Patent troll jumps on Minecraft

Patent troll Uniloc has set its sites on taking the makers of the the indie software outfit Minecraft to the cleaners.

According to Boing Boing,  Uniloc claims Minecraft infringes a patent it holds on copy protection software.

It looks like the outfit just thought its initial threat might be enough to strike fear in the heart of the company. It did not even bother to spell the name of the game, calling it “Mindcraft”.

Developer Markus “Notch” Persson has already vowed not to give in. He said that unfortunately for Uniloc it is suing us over a software patent.

He said that he will throw piles of money at making sure they don’t get a cent.

Uniloc’s patent was awarded in 2005 and describes a system for “preventing unauthorised access to electronic data” which involves communication between a portable device and a licence registration authority.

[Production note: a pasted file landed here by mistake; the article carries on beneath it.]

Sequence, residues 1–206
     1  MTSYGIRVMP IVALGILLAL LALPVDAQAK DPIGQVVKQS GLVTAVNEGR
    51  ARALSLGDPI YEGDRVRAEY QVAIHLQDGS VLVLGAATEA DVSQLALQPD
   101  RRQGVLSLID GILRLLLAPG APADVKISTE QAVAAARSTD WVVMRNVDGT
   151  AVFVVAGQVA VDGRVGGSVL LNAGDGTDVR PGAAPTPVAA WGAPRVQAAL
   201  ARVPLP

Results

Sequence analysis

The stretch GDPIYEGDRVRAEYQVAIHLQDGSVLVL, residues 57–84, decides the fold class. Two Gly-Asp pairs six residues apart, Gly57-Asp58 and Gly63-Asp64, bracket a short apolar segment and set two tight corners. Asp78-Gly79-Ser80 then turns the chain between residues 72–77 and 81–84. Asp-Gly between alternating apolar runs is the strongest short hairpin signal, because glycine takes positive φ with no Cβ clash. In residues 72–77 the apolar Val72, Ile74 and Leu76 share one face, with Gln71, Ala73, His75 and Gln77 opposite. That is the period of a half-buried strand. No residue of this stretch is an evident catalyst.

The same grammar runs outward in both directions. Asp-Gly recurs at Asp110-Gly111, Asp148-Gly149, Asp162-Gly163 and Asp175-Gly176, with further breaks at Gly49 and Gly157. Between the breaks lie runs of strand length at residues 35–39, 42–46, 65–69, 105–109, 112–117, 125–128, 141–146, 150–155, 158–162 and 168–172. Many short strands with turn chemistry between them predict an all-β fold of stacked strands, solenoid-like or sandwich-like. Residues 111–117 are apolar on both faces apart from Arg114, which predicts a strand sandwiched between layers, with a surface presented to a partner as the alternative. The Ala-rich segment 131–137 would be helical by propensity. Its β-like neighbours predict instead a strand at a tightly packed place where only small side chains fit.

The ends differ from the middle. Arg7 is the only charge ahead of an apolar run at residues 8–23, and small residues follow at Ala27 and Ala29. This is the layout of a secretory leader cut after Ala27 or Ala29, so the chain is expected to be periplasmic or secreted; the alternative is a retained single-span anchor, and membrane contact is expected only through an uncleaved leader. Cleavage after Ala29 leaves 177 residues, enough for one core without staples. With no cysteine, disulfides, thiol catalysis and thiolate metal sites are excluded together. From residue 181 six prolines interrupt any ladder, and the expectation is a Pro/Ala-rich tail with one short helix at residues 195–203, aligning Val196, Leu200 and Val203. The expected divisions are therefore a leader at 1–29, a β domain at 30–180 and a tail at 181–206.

Uniloc claims that this patent gives it rights to software that verifies licensing on Android.

It said that Mojang is directly infringing one or more claims of the ‘067 patent by “making, using, offering for sale, selling and/or importing Android based applications for use on cellular phones and/or tablet devices that require communication with a server to perform a license check to prevent the unauthorised use of said application, including, but not limited to, Mindcraft.”

Notch points out that Minecraft does not perform licence checks in the manner described by the patent.

But he generally thinks that software patents are plain evil and were slowing down development within the software industry.

Although it is based in Luxembourg and Mojang is in Sweden, Uniloc filed the claim in Texas. This is because Texas is famous for awarding cases to plaintiffs in patent infringement cases because jurors want to get back to roping doggies or some other similar rural persuits.

Uniloc has gunned for Microsoft before. Its standard tactics are to demand royalties, damages and interest and then come in with a settlement offer. Uniloc claims to have extracted settlements from about a third of the companies it targets.